This photograph shows M33, which is known as the Triangulum Galaxy. This galaxy is also sometimes referred to as the Pinwheel Galaxy, although the latter term is usually used to refer to M101. The galaxy shines at magnitude 5.7, although the surface brightness is only about 14.2. Nevertheless, this galaxy can be glimpsed with the naked eye under very dark skies, and is therefore listed in the 1996 edition of the Deep Sky Field Guide as the most distant object visible without optical aid.
The Triangulum Galaxy is gravitationally bound with our Milky Way Galaxy as part of approximately 30 galaxies forming the Local Group of galaxies. It is roughly the same distance away as the Andromeda Galaxy. In fact, the Triangulum Galaxy and Andromeda Galaxy are only about 570,000 light years apart, which is five times closer than either galaxy is to our Milky Way Galaxy. The Triangulum Galaxy is about 60,000 light years in diameter. It gives off a total light output which is 3 billion times that of the Sun. The galaxy is rotating about its center, and completes one rotation every 200 million years. The Triangulum Galaxy has the distinction of being one of the few galaxies that does not show a red shift in its spectrum, meaning that it is not receding from us at a high rate of speed. To the contrary, the Triangulum Galaxy is getting closer at the rate of 7 miles per second.
The red nebula above and to the right of the galaxy core is NGC 604, a giant nebula in M33. The nebula NGC 604 is located 12 arcseconds northeast of the galaxy's center. It is the brightest HII region in M33. The nebula contains several stars of 16th magnitude and fainter. This is a huge nebula that is about 1000 light-years in size. It is one of the largest HII regions known in any galaxy. If it were located as close to us as the Orion Nebula, it would cover a large part of our night sky.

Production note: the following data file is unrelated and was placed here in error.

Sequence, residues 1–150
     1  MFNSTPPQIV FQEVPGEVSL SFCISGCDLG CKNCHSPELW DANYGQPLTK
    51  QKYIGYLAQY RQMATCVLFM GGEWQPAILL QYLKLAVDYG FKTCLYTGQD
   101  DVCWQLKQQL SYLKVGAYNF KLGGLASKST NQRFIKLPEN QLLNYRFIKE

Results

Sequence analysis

This galaxy was included in the first list published by Charles Messier in 1769.
This is a composite RGB CCD image taken at prime focus on a Takahashi FCT-150 refractor at f7 using an ST-8E CCD. Guiding was accomplished with the built-in ST-8E autoguider.
This image was taken at the Sunglow Ranch, near Pearce, Arizona. Located in southeastern Arizona, the Sunglow Ranch enjoys very dark skies and caters to amateur astronomers. The staff are very friendly. I highly recommend the place to fellow amateur astronomers.
M33 (NGC 598)
RA: 01h 33m 52s Dec: +30d 39' 29" (J2000)
June 24, 2001
Image by Sid Leach
Sunglow Ranch, Arizona
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